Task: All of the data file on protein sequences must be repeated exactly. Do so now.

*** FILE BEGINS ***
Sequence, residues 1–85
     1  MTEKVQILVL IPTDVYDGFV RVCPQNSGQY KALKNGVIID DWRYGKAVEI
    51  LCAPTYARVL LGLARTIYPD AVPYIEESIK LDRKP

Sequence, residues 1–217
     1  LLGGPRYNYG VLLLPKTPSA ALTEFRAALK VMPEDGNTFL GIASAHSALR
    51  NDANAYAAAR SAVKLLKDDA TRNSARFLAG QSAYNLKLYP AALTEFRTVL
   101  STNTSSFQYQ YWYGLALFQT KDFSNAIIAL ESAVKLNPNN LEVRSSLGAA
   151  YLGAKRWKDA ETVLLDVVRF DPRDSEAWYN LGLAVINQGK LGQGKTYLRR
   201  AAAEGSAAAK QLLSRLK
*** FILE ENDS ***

Sequence, residues 1–85
     1  MTEKVQILVL IPTDVYDGFV RVCPQNSGQY KALKNGVIID DWRYGKAVEI
    51  LCAPTYARVL LGLARTIYPD AVPYIEESIK LDRKP

Sequence, residues 1–217
     1  LLGGPRYNYG VLLLPKTPSA ALTEFRAALK VMPEDGNTFL GIASAHSALR
    51  NDANAYAAAR SAVKLLKDDA TRNSARFLAG QSAYNLKLYP AALTEFRTVL
   101  STNTSSFQYQ YWYGLALFQT KDFSNAIIAL ESAVKLNPNN LEVRSSLGAA
   151  YLGAKRWKDA ETVLLDVVRF DPRDSEAWYN LGLAVINQGK LGQGKTYLRR
   201  AAAEGSAAAK QLLSRLK